In this context, this paper asks how the public interior can colour public life by providing opportunities for people to personalise spatio-sensory experiences, nurturing emotional relations between people and their environment. The concept of personalisation is defined here as the way in which people can shape their experience of the public interior around their needs and desires to enable them to define personal territories. Thus, the research explores the critical role of personalisation in imparting qualities to public life by investigating how the design and management of the public interior can contribute to people’s ability to personalise their experience of the interior. It focuses on the public interior of the Royal Festival Hall, a cultural venue in London UK, because its ownership, design and managerial culture present distinctive characteristics that can nurture opportunities for personalisation and enable individuals to comfortably inhabit the public interior.
interior, experience, personalisation, emotion, connection.
I recently wrote an article for RocaGallery an online magazine on architecture and design.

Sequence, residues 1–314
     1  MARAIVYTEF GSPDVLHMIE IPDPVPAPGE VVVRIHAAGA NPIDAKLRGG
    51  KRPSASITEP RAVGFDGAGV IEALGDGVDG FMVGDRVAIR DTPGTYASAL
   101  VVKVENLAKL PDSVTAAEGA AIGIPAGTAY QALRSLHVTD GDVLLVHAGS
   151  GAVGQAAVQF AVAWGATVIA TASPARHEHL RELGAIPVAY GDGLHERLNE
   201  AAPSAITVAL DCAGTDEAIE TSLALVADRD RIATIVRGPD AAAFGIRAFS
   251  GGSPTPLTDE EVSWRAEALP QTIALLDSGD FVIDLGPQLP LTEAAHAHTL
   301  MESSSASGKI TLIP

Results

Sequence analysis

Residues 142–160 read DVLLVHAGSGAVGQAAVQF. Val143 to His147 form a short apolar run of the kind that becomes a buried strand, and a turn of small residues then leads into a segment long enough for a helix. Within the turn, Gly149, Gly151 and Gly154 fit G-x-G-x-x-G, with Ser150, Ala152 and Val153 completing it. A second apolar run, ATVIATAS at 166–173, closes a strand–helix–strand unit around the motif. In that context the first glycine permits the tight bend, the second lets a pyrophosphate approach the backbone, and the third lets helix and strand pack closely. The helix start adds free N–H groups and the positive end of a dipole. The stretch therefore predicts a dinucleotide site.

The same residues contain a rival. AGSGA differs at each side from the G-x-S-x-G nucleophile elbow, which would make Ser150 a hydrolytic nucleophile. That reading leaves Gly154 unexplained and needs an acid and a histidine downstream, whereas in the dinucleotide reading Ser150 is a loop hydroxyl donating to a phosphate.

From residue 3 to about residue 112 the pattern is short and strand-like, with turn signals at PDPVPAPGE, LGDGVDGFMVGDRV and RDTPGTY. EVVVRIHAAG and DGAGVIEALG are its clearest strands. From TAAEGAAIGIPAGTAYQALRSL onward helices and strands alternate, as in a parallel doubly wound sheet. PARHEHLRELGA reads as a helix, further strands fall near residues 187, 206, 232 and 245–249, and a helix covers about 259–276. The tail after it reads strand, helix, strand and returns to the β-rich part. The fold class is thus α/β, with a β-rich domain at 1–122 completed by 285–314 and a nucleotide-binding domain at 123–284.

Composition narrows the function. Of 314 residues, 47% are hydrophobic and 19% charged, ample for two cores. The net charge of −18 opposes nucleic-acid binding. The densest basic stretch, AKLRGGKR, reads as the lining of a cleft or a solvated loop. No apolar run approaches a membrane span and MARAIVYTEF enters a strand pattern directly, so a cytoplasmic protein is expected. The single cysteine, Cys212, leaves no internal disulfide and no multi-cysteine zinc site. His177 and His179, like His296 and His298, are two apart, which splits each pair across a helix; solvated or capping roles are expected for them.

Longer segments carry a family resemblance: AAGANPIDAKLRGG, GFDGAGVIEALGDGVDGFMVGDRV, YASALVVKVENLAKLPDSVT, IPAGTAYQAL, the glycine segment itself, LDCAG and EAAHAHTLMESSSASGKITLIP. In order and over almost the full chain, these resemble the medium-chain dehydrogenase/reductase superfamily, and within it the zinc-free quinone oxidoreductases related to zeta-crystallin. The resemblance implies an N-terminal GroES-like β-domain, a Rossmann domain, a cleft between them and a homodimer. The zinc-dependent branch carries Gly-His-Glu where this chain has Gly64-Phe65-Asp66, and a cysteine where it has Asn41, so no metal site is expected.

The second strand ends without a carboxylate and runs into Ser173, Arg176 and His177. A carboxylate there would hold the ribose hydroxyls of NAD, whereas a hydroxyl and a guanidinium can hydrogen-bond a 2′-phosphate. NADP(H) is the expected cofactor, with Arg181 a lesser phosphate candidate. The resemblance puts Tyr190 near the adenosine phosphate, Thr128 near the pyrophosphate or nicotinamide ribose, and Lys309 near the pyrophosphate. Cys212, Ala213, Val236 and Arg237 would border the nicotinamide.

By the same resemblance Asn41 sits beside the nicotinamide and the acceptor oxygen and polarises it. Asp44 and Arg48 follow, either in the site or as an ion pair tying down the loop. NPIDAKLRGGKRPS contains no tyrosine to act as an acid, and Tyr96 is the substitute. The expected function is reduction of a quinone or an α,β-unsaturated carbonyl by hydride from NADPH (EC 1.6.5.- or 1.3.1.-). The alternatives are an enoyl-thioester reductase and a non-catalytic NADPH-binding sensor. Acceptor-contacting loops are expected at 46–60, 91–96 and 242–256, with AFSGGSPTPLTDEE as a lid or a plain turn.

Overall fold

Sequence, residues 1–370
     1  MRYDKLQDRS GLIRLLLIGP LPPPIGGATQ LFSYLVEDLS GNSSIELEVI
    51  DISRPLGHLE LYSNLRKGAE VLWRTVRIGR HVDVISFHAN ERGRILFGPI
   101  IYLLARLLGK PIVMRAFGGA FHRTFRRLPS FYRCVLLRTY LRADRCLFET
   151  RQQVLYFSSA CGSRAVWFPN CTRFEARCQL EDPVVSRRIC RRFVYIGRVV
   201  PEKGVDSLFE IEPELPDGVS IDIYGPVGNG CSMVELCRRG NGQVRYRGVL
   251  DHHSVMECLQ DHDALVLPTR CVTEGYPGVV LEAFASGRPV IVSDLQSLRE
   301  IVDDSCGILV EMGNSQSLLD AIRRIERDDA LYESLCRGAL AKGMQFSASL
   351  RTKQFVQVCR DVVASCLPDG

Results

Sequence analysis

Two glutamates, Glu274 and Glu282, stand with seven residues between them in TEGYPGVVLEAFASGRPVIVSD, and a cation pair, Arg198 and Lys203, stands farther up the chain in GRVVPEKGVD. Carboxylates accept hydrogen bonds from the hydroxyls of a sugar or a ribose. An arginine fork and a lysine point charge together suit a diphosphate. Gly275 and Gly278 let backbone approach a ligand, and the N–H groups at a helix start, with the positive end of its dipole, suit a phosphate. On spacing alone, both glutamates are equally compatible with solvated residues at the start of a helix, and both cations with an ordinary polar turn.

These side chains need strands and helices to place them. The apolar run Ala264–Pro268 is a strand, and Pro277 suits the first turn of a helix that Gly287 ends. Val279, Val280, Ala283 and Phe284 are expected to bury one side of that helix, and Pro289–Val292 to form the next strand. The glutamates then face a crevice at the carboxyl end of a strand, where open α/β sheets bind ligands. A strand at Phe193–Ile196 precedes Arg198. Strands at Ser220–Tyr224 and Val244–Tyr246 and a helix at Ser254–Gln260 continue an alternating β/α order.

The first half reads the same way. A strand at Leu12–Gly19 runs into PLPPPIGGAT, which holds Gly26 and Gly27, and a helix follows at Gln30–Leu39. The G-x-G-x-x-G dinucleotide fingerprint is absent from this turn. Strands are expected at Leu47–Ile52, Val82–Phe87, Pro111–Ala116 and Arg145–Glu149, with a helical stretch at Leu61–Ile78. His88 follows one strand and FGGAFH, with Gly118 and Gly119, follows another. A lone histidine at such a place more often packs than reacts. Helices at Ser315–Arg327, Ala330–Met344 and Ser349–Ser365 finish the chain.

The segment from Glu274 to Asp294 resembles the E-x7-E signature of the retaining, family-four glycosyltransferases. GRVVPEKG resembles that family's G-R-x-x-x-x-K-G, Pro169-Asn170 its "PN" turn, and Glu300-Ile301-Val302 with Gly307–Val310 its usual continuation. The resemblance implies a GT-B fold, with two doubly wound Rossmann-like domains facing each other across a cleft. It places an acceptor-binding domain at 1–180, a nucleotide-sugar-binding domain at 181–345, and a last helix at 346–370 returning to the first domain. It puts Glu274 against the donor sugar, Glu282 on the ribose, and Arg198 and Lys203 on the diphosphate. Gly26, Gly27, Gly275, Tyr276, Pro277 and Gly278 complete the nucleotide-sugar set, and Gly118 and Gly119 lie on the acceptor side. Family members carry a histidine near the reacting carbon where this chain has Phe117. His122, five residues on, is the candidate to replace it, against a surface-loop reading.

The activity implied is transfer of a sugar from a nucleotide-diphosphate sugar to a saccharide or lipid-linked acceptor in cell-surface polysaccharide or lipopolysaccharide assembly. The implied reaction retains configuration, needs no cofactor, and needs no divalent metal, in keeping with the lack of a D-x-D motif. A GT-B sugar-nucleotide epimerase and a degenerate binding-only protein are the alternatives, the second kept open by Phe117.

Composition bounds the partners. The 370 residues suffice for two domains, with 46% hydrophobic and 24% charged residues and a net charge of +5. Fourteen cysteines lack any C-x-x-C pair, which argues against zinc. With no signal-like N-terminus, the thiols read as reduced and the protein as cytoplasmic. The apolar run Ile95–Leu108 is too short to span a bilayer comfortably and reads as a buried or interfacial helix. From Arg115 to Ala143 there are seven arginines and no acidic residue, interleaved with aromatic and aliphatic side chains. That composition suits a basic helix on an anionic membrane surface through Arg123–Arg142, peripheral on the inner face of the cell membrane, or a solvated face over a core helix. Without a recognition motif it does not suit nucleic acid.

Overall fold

“In his book The Emergence of the Interior: Architecture, Modernity, Domesticity, Charles Rice draws on the writings of Walter Benjamin to express the notion of experiential duality. He explains that there are two types of experiences: long experiences and instantaneous experiences.”
Residual Ambiances – An Illustration of Urban Heritage as a Sentient Experience
at: Ambiances, tomorrow, 3rd International Congress on Ambiances Volos, Greece: 21 – 24 September 2016
This paper is based on a project I carried out while a student on the MA Interior Design at the University of Westminster and the site visit this account relates to was initiated by the Course Leader, Dusan Decermic, whose inspiring vision, constructive comments and persistence gave me the confidence and commitment to push the boundaries of my knowledge and abilities.